Some of you probably know that I love board games, but I haven't really told anyone here that I also love trading card games. In fact, I have been playing Magic: the Gathering (MTG) casually since 1997. I consider it as one of the best games ever created.

Today, I will share about a new trading card game that was co-designed with Richard Garfield, the creator of MTG. Unlike MTG, this new game is available online through various platforms including the iPad ad PC. I have spent more than 30 hours over the past three days playing the preview version of the game and now, I'm ready to tell you what I think of it.

A new kind of game.SolForge is a pure digital trading card game by the creators of Ascension and Magic: The Gathering.


SolForge is a game that was developed based on Richard's desire to create a trading card game that won't cause a fortune to play competitively while embracing the new online and mobile gaming platform. The idea was to create a pure digital card game where you collect and play virtual cards rather than physical ones.

To realize this idea, Kickstarter project was initiated by Gary Games (recently renamed into StoneBlade Entertainment) and funded successfully a few months ago. I was one of the backers. Having played their previous game, Ascension, I believe that the developers will do a great job with SolForge.

In case that you were wondering, SolForge is planned for release in the Summer of 2013, but the Beta version will be available for some of the Kickstarter backers in the end of Q1 2013. The iPad version that I have been playing recently is a free preview that was provided by the developers for the public.

SolForge was originally designed as a two-player versus game, but a recent development suggested that you would also be able to play a co-operative multiplayer game. The preview version includes a tutorial game, a one-player mode where you can play against two AI levels, and a two-player mode where you can pass-n-play with your friend. Also included in the game are two 30-card pre-constructed decks, which include preview cards from all four factions of the SolForge world and two card types, i.e. creatures and spells. You would eventually be able to collect your digital cards, build your own decks and even enter a draft tournament.

A two-player game.Play against an AI player or a friend.

Rules and Objectives

SolForge is a turn-based game in which each player starts with a life total of 100. The first player to reduce his/her opponent's life total to 0 wins the game. During each of your turn, you can choose to play up to two cards from your hand of five, enter battle and refresh your hand with a new set of cards.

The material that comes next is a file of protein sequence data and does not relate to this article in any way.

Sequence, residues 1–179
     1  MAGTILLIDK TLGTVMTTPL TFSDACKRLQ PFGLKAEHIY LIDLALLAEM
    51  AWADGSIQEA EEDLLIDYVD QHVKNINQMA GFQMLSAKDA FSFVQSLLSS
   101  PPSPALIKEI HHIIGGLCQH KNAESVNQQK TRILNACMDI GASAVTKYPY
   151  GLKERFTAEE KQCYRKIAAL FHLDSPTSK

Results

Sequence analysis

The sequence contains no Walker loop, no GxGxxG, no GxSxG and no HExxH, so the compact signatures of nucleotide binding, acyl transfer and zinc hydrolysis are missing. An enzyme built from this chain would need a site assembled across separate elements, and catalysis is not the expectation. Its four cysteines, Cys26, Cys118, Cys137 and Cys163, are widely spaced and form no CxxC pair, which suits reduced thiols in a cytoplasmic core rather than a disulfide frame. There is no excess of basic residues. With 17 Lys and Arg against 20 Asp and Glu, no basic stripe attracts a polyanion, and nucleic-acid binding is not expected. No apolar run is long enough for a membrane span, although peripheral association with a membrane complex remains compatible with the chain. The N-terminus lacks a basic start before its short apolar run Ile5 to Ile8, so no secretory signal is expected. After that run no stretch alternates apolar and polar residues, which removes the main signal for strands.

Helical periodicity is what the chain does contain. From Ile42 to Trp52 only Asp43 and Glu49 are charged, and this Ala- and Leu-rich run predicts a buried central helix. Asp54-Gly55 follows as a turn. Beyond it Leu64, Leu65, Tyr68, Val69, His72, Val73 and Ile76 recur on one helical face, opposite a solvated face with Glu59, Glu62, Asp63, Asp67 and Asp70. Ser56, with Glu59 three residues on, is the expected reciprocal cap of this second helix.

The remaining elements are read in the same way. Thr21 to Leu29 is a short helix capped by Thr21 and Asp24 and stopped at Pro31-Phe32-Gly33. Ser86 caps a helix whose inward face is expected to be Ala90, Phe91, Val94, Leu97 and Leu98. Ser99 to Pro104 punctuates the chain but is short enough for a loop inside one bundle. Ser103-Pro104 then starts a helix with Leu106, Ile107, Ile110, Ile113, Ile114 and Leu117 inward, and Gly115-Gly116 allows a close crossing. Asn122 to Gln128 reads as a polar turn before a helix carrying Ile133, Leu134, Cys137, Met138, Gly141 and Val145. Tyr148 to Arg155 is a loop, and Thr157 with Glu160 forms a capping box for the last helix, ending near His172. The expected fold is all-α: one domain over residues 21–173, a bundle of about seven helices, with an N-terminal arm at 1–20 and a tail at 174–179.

The game's battlefield is composed of two rows. The top one belongs to your opponent, whereas the bottom one is yours. Within each rows, there are five lanes where your creatures will fight your opponents'.

When a creature is attacked, its health will be reduced by the amount of its assailant's attack power. Once its health is reduced to 0 or less, it will be discarded from play. Note that this health reduction is permanent, meaning that it will last through the end of turn.

If there is no opposing creature, all the damage will be dealt to the opposing player instead. Other than direct damage spells and triggered abilities, this is one of the main routes to reducing your opponent's life total to 0.

Unlike other card games, creatures and spells in SolForge have no casting cost. But, you are limited to cast a maximum of two cards of any types. You can cast creatures or spells or enter battle in any order. In fact, I'm used to cast spell, battle, then cast creature, in that order.

In SolForge, all cards have three levels. Whenever you play a card, it levels up and is removed from your deck. A higher level version will then replace it. Your avatar also levels up every four turns. Each time you level up, you reshuffle your discarded pile back into your deck, allowing you to draw your higher level cards. If you have a 30-card deck, you will mostly see only 20 of them before you have to shuffle your deck again. This may cause you to never see a particular card during the entire game.